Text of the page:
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Title: Astrocyte-neuron interactions in the juvenile form of Batten Disease
Author: Parviainen, Lotta
Awarding Body: King's College London (University of London)
Current Institution: King's College London (University of London)
Date of Award: 2013
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The neuronal ceroid lipofuscinosis (NCLs, Batten Disease) are inherited, fatal neurodegenerative disorders of childhood. In all forms of NCL, astrocyte activation occurs early in the disease and precedes neuronal loss. However, in the most common juvenile form (JNCL), which is caused by a mutation in the Cln3 gene, this astrocyte response appears to be compromised. Since astrocytes are crucial for the functioning and survival of neurons, and emerging evidence highlights the pivotal role that reactive astrocytosis plays in the pathogenesis of CNS diseases, any deficits in the biology of these cells could significantly impact neuronal health. In order to study the functioning of JNCL astrocytes, these cells were isolated from a well-characterised mouse model of the disease, Cln3 deficient mice (Cin3-l- mice), and their basic biology characterised. These studies revealed that Cln3-l- astrocytes have a disrupted actin and intermediate filament cytoskeleton. Possibly due to these defects, Cln3-l- astrocytes have an attenuated ability to response to an activation stimulus, just as observed in vivo, and to divide and migrate. They also display pronounced defects in their ability to take-up glutamate and to secrete a range of proteins, including cytokines, neuroprotective factors and the anti-oxidant glutathione, that become even more evident upon stimulation. Additionally, their impaired calcium signalling suggests that communication might be altered in these cells. Most importantly, using a co-culture system, these Cln3-l- glia were shown to negatively impact the health of both Cln3-l- and wild-type neurons, with the mutant neurons being the most severely affected, probably because of their own compromised biology. This includes a reduction in neurite complexity and displacement of the axon initial segment (AIS), which modulates neuronal excitability and the initiation of axon potentials. Thus, these data show, for the first time, that JNCL astrocytes are functionally compromised and might play an active role in the neurodegeneration observed in JNCL. Further, this information raises the possibility that, in future, astrocytes should be considered as targets for therapeutic interventions.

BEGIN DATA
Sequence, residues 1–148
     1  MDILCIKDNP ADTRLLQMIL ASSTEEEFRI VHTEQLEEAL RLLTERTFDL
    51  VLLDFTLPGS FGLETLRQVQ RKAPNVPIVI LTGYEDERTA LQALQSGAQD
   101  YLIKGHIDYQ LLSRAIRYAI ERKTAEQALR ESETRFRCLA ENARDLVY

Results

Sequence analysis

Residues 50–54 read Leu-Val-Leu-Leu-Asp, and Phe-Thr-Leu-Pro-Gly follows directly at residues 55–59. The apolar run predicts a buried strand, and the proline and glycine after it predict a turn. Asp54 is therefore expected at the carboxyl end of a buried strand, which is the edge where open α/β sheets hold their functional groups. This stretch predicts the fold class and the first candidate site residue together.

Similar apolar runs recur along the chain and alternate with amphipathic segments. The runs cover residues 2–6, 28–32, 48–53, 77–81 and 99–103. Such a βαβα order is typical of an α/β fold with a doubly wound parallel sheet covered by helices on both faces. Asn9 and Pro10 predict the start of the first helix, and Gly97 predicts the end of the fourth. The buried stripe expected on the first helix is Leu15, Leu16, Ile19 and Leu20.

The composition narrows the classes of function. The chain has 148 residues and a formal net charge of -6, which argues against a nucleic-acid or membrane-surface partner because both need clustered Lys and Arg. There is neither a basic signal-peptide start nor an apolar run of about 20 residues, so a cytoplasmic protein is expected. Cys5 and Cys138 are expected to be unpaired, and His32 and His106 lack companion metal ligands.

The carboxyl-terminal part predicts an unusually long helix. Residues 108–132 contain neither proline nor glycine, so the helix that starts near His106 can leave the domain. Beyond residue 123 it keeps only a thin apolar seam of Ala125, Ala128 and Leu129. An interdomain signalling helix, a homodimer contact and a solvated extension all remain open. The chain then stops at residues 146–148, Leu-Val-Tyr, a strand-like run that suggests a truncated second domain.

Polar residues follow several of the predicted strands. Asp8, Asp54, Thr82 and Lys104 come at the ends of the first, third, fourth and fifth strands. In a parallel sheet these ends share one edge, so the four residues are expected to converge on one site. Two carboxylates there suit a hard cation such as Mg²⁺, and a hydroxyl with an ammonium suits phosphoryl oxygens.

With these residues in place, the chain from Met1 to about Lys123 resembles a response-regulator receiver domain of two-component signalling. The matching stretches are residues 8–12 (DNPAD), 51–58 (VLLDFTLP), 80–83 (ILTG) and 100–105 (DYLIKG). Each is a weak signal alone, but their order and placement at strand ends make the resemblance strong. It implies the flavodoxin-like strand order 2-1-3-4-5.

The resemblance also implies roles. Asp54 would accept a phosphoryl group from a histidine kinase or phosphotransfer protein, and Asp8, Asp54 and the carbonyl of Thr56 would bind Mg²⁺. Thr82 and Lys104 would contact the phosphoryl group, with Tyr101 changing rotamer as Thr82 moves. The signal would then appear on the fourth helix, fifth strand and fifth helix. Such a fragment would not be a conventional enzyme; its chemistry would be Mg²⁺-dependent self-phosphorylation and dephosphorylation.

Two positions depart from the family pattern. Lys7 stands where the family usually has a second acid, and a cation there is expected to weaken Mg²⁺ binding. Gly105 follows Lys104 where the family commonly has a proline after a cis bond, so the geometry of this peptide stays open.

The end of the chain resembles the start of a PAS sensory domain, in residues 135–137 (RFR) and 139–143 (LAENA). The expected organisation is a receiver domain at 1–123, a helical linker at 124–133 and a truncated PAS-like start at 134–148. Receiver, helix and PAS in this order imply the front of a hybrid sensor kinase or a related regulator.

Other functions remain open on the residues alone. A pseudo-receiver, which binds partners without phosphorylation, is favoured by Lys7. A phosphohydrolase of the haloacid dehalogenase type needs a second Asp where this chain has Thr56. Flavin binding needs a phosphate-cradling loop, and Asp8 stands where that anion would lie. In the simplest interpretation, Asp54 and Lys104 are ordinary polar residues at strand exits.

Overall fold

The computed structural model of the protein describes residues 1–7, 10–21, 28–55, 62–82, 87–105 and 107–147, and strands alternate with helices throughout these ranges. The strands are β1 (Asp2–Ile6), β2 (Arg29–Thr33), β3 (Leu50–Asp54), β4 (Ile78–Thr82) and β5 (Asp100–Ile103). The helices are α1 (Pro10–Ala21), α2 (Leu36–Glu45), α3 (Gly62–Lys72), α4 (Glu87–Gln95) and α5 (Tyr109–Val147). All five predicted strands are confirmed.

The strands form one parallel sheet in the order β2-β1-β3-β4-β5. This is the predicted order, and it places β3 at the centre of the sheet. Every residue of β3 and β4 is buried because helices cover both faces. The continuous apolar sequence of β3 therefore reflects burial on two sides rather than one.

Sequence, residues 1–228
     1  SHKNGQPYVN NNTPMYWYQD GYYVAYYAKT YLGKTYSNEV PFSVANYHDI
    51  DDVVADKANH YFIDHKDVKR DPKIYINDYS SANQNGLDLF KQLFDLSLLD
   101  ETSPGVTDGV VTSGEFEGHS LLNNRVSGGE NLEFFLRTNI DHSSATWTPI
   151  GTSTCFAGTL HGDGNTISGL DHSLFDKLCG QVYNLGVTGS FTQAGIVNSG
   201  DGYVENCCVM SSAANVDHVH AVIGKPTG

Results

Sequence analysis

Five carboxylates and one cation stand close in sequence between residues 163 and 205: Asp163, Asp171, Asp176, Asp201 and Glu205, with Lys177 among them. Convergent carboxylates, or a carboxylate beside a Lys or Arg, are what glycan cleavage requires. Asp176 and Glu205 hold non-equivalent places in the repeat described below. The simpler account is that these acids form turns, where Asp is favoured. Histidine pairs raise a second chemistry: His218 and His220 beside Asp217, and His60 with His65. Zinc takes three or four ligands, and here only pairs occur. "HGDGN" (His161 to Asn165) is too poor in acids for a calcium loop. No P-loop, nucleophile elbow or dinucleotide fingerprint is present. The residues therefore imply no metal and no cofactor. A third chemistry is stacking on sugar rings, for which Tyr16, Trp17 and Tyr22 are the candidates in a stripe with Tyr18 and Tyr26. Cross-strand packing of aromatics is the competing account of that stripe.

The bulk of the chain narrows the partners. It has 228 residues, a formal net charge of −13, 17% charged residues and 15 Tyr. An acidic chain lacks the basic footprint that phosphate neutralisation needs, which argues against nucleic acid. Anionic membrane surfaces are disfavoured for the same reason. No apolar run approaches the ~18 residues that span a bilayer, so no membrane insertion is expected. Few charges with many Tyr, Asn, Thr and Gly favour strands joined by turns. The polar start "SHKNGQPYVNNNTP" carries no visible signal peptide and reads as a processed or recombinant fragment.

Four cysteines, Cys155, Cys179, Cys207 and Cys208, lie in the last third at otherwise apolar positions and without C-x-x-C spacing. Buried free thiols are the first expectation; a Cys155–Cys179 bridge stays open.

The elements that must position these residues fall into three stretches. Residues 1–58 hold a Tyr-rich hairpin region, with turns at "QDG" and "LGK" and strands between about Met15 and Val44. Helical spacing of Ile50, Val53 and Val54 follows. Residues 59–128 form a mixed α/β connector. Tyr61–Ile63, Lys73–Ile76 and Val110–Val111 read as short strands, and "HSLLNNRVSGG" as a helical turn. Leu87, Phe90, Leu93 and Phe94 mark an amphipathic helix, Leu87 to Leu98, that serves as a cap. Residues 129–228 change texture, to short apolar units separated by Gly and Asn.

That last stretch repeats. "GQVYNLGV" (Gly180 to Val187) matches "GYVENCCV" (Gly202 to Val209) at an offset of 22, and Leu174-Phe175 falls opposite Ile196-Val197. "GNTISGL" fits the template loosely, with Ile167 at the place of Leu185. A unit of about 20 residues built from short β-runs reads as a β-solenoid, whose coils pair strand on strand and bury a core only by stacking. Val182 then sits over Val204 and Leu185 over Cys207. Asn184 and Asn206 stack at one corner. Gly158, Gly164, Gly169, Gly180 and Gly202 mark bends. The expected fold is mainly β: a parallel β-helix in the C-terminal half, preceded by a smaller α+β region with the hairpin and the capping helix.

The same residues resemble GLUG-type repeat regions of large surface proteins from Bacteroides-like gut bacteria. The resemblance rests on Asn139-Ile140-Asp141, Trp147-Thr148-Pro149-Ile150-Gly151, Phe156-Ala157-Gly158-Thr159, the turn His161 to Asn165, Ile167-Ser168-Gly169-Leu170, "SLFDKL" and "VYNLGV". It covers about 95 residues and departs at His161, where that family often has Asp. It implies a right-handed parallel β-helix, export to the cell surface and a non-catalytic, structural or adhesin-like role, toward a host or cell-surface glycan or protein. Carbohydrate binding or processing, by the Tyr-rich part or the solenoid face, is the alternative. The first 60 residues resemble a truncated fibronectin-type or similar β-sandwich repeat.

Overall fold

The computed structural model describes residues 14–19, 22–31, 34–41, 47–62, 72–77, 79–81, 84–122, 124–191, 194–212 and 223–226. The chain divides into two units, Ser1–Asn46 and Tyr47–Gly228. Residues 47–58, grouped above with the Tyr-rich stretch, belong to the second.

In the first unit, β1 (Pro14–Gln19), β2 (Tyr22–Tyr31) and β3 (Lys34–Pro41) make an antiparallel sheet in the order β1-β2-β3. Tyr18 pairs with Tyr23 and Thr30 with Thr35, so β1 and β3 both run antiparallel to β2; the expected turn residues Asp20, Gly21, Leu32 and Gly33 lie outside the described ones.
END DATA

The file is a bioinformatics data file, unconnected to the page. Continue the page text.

Supervisor: Not available Sponsor: Not available
Qualification Name: Thesis (Ph.D.) Qualification Level: Doctoral
EThOS ID:  DOI: Not available